For American novelist and short-story writer Ernest Hemingway, it was courage. The characters in his works might not win, but they always live and die bravely. Hemingway told it how it was and didn’t hold anything back. Hemingway is well known for his novels of war, big game hunting, fishing, and bullfighting. One of his most famous works, “The Old Man and the Sea,” describes an old fisherman’s fight to keep a giant fish he caught from being eaten by sharks. Another of his famous works, “For Whom the Bells Tolls,” describes a guerrilla fighter during the Spanish Civil War who knew he was doomed to fail.
Ernest used his life when he wrote; including everything he did and everything that ever happened to him. He nevertheless remained a private person while wanting his stories to be read but also wanting to be left alone. He once said, “Don’t look at me. Look at my words. ” During World War I Ernest served as an ambulance driver, in Italy, for the American Red Cross and very much like Frederick Henry of, “A Farewell to Arms,” was shot in his knee, recuperates in a hospital and tended by a caring nurse. Like the hero, in the book, he fell in love with the nurse and was given a medal for his heroism.
In addition they both enjoyed drinking large amounts of alcohol as well. In “For Whom the Bell Tolls,” Hemingway summarizes his own dissatisfaction about his father when he recalls his father’s suicide and a character, Jordan, says, “I’ll never forget how sick it made me the first time I knew he was a coward. ” This goes back to support how Hemingway wasn’t afraid to speak his mind and also how he used his life when he wrote. I believe that Hemingway was obsessed with death. In the book, “A Farewell to Arms,” Henry met his love, Catherine Barkley, before he was shot, but Catherine and her child died while she was giving birth.
Many times Hemingway did not want to expose his life to everyone, because he was so private, and so slight changes would prove that it was not himself and his own experiences which he was writing about. I believe that Hemingway had Catherine and her child die, not to look different from his own life, but because he had a sick and morbid personality. Probably, the strongest reason for writing about Catherine Barkley’s death and the death of her child was Hemingway’s belief that death comes to everyone; it was inevitable. Death ends life before you have a chance to learn and live.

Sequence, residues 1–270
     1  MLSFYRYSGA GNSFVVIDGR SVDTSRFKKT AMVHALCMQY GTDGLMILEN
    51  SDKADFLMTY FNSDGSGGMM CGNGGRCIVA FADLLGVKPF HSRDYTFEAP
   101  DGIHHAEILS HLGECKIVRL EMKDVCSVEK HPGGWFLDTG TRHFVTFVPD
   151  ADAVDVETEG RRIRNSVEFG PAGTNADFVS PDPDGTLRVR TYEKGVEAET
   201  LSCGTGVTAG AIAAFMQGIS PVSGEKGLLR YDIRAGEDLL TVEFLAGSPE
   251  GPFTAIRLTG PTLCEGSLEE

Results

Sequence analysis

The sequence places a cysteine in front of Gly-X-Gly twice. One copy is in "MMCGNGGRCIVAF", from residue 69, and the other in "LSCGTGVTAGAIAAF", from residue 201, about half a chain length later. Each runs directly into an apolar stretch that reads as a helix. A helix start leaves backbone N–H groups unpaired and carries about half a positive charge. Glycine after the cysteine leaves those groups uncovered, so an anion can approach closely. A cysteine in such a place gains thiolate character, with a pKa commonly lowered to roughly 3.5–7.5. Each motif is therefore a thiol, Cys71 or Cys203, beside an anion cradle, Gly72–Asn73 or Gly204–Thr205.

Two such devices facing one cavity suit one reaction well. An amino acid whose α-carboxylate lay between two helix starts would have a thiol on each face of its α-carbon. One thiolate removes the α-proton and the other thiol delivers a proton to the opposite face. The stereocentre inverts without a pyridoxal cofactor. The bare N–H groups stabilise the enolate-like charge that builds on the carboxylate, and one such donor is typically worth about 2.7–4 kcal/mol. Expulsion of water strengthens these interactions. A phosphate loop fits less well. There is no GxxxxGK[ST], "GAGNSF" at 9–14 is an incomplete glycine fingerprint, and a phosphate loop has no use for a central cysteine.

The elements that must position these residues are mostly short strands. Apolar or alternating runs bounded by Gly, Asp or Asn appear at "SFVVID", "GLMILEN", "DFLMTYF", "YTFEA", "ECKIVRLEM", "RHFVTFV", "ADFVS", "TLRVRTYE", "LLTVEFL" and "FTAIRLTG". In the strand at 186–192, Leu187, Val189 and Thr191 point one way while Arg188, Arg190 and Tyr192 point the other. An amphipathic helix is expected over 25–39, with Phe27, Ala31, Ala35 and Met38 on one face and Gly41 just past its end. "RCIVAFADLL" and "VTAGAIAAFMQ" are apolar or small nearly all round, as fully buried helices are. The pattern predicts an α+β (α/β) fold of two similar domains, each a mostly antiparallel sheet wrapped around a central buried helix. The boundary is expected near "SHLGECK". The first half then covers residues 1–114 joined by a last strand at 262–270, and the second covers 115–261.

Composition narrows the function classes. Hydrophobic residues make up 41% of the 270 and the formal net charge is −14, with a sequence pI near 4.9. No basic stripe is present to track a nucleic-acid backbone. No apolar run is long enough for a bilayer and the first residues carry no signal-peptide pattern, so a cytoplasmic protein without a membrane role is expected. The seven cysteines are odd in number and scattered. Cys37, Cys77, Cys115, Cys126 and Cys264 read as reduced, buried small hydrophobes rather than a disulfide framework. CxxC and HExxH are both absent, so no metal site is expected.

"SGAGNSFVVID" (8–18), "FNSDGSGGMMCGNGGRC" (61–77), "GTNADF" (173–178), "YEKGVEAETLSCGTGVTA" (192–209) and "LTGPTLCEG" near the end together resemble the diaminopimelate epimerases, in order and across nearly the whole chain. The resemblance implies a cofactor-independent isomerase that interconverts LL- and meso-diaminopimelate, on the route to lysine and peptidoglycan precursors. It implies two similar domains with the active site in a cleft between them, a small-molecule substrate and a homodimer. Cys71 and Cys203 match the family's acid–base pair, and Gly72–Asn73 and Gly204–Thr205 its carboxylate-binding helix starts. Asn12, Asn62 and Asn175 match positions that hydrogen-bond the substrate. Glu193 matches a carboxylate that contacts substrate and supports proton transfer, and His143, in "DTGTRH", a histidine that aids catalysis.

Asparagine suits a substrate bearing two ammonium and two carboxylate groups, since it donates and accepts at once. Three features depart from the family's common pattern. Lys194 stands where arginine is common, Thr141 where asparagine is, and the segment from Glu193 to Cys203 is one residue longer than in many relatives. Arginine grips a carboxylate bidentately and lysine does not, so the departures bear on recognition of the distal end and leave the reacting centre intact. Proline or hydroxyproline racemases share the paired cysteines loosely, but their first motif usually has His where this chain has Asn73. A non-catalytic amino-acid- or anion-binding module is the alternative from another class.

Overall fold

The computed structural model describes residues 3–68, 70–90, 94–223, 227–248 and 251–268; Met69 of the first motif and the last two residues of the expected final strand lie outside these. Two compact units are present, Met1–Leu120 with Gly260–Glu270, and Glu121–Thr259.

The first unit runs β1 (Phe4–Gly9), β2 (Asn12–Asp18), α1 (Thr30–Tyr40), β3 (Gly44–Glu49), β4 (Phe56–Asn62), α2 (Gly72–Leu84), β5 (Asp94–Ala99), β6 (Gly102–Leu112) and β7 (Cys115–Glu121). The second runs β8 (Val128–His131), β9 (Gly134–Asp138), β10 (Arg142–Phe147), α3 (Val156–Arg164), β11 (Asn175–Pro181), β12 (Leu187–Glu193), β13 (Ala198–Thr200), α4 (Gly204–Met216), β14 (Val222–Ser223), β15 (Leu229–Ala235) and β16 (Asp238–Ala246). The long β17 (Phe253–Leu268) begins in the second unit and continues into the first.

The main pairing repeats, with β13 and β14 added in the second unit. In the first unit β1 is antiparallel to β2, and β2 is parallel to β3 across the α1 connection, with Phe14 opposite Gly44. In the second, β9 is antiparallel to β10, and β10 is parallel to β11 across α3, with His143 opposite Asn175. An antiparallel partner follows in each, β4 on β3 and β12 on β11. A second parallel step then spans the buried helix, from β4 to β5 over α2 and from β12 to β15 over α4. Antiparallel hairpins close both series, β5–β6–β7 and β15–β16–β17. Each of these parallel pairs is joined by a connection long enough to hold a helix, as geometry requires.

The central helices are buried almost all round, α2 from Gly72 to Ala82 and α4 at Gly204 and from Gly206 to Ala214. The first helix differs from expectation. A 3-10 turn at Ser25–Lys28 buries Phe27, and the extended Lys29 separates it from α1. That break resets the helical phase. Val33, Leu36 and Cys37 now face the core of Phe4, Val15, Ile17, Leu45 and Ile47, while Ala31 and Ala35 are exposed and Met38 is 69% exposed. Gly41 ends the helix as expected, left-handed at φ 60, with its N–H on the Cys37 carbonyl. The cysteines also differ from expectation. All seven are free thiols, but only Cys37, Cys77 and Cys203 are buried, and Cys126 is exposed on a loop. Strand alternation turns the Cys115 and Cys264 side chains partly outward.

He writes, in A Farewell to Arms, “They threw you in and told you the rules and the first time they caught you off base they killed you…. they killed you in the end. You could count on that. Stay around and they would kill you. ” Hemingway wrote stories that showed people should expect the unexpected. His stories offended and angered many folks. I think that Hemingway liked shocking and annoying people and he was certainly rebellious. If he had written an ending where Catherine Barkley and her child had lived, it would have been too easy and common.
Hemingway was certainly not like everyone else, and he seemed to be proud of that fact. Even the fact that Hemingway wrote bad words and had a lot of sex in his books shows that he liked to shock people. When his publisher asked that he change some words and make his books more acceptable to people, Hemingway refused, and then was forced to compromise. Hemingway liked doing things his way and either people had to accept him the way he was or too bad for them. I think that Hemingway probably did not even like himself and that was one reason that he couldn’t really like other people.
It is obvious that Hemingway felt, as a young child and throughout his life, powerless, and so he created lives by writing stories. Hemingway also acted out his feelings of insecurity and powerlessness by hunting, drinking, spending lots of money and having many girlfriends as well. After World War II Hemingway lived in Cuba with his fourth wife. In 1953 he won a Pulitzer Prize for Literature, and in 1954 he won the Nobel Prize for literature. Then he moved to Idaho when the communists came in to power in Cuba, but suffered from depression and loss of memory. Less than ten years later he killed himself with a shotgun in July of 1961.